In Sappho in Early Modern England, Harriette Andreadis examines public and private expressions of female same-sex sexuality in sixteenth- and seventeenth-century England. Before the language of modern sexual identities developed, a variety of discourses in both literary and extraliterary texts began to form a lexicon of female intimacy. Looking at accounts of non-normative female sexualities in travel narratives, anatomies, and even marital advice books, Andreadis outlines the vernacular through which a female same-sex erotics first entered verbal consciousness. She finds that qrespectableq women of the middle classes and aristocracy who did not wish to identify themselves as sexually transgressive developed new vocabularies to describe their desires; women that we might call bisexual or lesbian, referred to in their day as tribades, fricatrices, or qrubsters, q emerged in erotic discourses that allowed them to acknowledge their sexuality and still evade disapproval.... transgressive female sexuality continued in the eighteenth century to employ Sappho as their vehicle, as witnessed by Alexander Popea#39;s 1712 translation of Ovida#39;s epistle aquot;Sapho to Phaonaquot; or Nicholas Venettea#39;s 1750 manual Conjugal Love;anbsp;...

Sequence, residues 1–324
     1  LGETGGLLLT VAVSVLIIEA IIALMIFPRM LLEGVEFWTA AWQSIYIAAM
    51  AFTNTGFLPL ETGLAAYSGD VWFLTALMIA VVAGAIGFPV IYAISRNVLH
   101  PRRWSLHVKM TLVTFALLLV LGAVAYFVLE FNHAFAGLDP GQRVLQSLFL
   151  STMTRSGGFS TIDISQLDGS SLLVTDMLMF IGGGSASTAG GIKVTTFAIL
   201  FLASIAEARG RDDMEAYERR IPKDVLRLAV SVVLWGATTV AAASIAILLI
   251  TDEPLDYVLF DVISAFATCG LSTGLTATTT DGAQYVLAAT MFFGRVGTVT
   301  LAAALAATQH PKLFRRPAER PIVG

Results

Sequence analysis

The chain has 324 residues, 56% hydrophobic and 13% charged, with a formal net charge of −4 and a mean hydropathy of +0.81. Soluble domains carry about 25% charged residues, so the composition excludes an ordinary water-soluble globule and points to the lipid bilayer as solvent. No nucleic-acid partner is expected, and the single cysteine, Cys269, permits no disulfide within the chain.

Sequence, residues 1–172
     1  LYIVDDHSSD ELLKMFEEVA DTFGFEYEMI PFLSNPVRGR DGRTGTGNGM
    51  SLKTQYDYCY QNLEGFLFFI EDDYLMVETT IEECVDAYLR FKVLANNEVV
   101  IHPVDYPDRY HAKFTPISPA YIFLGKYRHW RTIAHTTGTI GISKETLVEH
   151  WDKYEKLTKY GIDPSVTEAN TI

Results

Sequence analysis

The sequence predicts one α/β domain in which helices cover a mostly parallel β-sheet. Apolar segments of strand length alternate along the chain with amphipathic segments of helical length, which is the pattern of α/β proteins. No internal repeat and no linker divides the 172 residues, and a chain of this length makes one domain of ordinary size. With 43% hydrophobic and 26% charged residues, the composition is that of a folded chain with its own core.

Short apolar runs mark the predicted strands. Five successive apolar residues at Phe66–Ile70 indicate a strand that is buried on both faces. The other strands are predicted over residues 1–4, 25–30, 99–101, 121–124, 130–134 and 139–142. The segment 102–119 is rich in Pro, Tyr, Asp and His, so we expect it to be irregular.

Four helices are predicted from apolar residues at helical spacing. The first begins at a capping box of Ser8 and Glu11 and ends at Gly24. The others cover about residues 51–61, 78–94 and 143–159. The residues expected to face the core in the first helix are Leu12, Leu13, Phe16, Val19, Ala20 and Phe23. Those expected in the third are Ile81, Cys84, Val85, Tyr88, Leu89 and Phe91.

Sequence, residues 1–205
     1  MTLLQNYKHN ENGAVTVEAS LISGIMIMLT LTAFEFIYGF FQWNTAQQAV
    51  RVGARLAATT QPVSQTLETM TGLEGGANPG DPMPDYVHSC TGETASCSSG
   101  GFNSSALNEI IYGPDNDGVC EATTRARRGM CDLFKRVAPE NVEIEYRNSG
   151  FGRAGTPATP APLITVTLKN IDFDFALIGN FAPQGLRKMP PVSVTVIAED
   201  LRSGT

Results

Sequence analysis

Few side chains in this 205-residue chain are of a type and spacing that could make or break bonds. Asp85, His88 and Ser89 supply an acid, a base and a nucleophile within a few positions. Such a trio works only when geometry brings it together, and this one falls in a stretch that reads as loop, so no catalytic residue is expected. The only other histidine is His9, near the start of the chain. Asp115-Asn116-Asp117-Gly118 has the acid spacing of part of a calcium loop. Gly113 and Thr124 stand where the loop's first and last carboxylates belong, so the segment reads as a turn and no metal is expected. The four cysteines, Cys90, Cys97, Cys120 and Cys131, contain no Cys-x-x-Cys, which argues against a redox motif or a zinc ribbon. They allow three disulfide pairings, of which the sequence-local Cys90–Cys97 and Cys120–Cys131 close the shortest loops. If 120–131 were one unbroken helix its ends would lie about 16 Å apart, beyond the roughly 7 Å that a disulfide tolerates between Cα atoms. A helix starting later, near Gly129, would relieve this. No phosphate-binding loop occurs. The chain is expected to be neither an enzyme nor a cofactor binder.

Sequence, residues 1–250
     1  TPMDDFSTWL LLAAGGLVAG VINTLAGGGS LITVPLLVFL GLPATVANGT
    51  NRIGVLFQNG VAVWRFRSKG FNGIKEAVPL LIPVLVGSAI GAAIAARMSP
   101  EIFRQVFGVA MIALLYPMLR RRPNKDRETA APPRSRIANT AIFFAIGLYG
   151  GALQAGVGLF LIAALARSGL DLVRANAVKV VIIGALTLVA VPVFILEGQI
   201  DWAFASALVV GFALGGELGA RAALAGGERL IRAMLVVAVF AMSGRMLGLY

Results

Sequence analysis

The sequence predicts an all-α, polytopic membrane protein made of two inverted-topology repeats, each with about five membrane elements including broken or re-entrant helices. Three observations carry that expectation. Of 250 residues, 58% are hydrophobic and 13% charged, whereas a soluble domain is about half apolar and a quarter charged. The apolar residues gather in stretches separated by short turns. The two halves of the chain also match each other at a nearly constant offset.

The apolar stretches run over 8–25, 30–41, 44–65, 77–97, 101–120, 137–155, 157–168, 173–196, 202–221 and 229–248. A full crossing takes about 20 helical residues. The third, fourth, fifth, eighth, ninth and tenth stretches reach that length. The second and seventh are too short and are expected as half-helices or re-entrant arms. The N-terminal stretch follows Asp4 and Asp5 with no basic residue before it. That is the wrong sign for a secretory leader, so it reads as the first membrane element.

|Title||:||Sappho in Early Modern England|
|Publisher||:||University of Chicago Press - 2001-07-02|